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I am a little confused by the definitions of these different types of functions:

I think the definition of a surjection is pretty clear in that each element of x is mapped to some value of y.

But I'm a little confused about the difference between an injection and a bijection. An injection maps an element of x to at most one y and a bijection maps an element of x to exactly one y. Does this mean that an injection can have an element of x that does not map to any element of y whereas a bijection always has exactly one mapping?

And then, does this mean that all bijections are injections and all injections and bijections are surjections? Or can a function only be one of the three?

Any help?

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    $\begingroup$ For any function, the element being mapped is an element of the domain. The element it maps to is an element of the range (hence an element of the codomain). So your definition of surjection is not correct. Any function maps an element of the domain to some element of the range. Also, you're muddling sets and elements. You're using the letter $y$ for a set, and the letter $x$ for a value. Very unclear. $\endgroup$ – quasi Jan 11 '18 at 1:48
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    $\begingroup$ isn't this wikipedia article enough clear ? $\endgroup$ – G Cab Jan 11 '18 at 1:49
  • $\begingroup$ Yes an injection can have an element y that has no x that is mapped to it. A bijection is surjective and injective. So every element of y has an x that is mapped to it, and has only one such x. $\endgroup$ – XRBtoTheMOON Jan 11 '18 at 1:50
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Your usage of of "maps to" is backwards. We're dealing with functions that map from X to Y.

A surjection is a function where each element of Y is mapped to from some (i.e., at least one) element of X.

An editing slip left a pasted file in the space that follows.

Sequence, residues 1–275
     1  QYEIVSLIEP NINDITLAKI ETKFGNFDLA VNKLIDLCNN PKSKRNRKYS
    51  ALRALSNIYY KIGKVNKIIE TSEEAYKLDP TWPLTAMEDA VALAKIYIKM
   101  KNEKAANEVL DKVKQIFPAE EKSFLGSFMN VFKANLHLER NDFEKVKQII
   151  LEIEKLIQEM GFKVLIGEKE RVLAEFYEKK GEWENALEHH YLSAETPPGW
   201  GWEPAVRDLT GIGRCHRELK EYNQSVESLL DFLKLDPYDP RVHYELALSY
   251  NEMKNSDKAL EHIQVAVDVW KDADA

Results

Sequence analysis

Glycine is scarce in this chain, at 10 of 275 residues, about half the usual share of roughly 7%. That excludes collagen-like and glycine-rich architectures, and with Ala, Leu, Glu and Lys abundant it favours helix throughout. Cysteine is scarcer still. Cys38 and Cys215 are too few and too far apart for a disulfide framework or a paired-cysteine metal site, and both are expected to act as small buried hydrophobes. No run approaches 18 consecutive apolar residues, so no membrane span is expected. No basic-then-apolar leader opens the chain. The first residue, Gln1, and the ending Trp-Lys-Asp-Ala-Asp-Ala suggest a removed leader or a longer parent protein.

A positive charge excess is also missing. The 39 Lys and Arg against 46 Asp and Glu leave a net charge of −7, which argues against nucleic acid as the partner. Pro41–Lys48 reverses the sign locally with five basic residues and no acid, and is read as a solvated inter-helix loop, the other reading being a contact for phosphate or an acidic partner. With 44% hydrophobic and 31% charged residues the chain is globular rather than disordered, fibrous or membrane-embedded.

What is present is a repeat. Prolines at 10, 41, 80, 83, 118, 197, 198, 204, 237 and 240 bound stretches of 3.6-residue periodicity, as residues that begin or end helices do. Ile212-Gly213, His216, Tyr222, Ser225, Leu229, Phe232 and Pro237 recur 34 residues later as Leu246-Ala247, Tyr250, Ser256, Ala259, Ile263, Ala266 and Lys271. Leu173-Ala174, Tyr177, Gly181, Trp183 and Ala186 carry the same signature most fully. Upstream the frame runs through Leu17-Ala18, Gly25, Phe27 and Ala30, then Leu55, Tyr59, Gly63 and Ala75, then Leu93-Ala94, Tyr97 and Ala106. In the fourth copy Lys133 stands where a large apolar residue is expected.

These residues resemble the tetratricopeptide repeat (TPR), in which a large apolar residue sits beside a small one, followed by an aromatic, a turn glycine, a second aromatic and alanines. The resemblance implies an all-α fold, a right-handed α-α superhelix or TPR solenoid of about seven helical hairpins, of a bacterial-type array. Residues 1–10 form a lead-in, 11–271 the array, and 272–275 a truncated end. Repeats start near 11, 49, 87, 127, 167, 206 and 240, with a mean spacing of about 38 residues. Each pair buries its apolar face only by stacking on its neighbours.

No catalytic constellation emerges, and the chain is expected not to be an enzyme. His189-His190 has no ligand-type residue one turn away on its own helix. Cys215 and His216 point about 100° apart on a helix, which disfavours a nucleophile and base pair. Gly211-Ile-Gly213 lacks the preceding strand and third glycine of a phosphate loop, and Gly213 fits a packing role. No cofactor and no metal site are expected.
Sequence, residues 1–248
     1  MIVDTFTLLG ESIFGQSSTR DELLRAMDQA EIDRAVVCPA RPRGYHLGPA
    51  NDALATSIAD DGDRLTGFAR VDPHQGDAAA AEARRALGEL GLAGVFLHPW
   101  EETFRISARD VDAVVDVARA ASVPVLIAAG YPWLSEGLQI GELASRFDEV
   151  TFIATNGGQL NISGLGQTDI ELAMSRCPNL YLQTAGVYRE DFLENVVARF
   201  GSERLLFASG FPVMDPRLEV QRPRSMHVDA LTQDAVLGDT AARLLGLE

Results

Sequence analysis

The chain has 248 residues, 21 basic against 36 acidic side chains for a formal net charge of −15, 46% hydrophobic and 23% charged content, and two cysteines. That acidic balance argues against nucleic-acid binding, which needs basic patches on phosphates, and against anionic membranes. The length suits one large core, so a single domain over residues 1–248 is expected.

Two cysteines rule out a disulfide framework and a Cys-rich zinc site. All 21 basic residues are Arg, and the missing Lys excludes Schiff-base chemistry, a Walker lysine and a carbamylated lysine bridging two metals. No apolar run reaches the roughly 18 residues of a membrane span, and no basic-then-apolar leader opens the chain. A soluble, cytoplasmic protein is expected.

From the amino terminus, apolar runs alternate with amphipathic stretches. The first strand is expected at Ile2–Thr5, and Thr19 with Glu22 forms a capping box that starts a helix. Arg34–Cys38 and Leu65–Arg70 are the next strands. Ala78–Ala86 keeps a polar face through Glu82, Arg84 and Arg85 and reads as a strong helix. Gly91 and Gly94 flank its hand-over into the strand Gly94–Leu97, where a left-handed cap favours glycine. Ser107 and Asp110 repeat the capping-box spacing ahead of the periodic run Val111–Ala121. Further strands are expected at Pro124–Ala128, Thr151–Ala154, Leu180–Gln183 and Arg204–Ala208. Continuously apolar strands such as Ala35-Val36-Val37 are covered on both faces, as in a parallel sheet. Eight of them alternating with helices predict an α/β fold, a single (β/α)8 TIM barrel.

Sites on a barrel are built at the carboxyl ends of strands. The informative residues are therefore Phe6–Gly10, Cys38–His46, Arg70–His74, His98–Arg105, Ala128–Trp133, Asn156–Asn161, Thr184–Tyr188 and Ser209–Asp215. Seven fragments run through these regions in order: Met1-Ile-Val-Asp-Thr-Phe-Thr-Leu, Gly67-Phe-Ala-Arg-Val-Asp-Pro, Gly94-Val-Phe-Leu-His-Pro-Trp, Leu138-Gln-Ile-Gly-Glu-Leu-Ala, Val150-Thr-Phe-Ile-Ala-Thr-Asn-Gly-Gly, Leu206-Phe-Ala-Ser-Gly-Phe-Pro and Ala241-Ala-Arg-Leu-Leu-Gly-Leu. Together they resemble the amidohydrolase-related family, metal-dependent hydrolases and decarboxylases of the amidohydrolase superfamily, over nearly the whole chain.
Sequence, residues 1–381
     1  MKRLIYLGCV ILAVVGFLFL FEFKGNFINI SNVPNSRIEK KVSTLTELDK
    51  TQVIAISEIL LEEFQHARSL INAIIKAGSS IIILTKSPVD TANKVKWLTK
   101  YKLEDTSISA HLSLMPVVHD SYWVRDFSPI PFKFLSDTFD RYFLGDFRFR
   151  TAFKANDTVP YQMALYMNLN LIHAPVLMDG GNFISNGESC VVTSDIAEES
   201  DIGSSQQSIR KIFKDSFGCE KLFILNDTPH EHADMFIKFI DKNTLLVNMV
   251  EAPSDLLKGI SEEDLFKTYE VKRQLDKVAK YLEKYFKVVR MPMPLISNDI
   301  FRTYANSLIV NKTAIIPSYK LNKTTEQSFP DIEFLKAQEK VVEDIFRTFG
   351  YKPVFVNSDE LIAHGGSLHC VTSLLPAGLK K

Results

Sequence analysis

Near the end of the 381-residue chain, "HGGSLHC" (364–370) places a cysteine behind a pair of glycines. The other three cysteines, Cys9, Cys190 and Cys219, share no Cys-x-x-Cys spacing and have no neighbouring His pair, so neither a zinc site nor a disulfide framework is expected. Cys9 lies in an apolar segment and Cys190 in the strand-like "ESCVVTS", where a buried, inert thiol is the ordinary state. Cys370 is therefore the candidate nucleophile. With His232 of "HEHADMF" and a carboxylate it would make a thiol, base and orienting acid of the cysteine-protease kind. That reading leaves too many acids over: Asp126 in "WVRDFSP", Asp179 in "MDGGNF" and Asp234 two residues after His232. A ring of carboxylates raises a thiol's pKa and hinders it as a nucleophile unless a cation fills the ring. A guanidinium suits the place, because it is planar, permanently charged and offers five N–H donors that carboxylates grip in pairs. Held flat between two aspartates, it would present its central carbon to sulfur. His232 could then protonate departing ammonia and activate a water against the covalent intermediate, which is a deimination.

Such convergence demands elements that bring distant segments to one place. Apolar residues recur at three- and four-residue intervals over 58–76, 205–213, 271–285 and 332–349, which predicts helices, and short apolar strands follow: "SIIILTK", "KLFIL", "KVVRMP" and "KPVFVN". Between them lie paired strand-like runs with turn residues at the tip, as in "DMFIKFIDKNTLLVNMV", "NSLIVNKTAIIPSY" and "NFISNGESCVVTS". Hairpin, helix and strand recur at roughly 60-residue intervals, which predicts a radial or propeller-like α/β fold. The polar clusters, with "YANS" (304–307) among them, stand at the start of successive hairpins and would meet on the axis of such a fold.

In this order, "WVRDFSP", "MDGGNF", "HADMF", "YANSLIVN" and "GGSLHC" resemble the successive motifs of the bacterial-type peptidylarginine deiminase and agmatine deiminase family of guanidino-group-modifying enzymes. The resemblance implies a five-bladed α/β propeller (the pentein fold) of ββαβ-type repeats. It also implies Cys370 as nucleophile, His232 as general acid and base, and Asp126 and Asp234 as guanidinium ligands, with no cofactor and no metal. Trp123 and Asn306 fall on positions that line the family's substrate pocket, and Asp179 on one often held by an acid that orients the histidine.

An injection is a function where each element of Y is mapped to from at most one element of X.

A bijection is a function where each element of Y is mapped to from exactly one element of X. It should be clear that "bijection" is just another word for an injection which is also a surjection.

Thus, a function may be either an injection, a surjection, both (in which case it's a bijection too), or neither.

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does this mean that all bijections are injections

All bijections are both injections and surjections.

and all injections and bijections are surjections?

Injections are not necessarily surjections. Bijections are always surjections.

Or can a function only be one of the three?

Let $\mathbb{N}_{0} = \mathbb{N} \cup \{0\}\,$, and take for example the absolute value function $f(x)=|x|\,$:

  • if defined as $f : \mathbb{N}_0 \to \mathbb{N}_0\,$ it is a bijection (and therefore both an injection and a surjection), since it it is indeed the identity function on $\mathbb{N}_0$

  • if defined as $f : \mathbb{N}_0 \to \mathbb{Z}\,$ it is an injection, but not a surjection since for example there is no $x \in \mathbb{N}_0$ such that $f(x)=-1 \in \mathbb{Z}$

  • if defined as $f : \mathbb{Z} \to \mathbb{N}_0\,$ it is a surjection, but not an injection since for example $-1 \ne 1$ but $f(-1)=f(1)=1$

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Addition to the answers above, there is one more way to distinguish them when the sets are countable (I specify this according to the tag discrete):

Let $A$,$B$ are countable sets and $f: A \to B$ is a function. Then,

  • If $f$ is injection, we must have $|A| \le |B|$ (necessary condition).

  • If $f$ is surjection, we must have $|A| \ge |B|$ (necessary condition).

  • If $f$ is bijection, we must have $|A| = |B|$ (necessary condition).

Sufficient conditions are derived from the definitions:

  • $f$ is an injection if and only if for every $b \in B$, there is at most one corresponding element $a \in A$ with $f(a) = b$ (means that there may be elements in $B$ that are not matched with an element in $A$).

  • $f$ is a surjection if and only if for every $b \in B$, there is at least one corresponding element $a \in A$ with $f(a) = b$ (means that there may be elements in $B$ that are matched with more than one element in $A$).

  • $f$ is a bijection if and only if $f$ is an injection and a surjection, that is, for every $b \in B$, there is exactly one corresponding element $a \in A$ with $f(a) = b$ (means that for every $a \in A$, value of $f(a)$ is unique).

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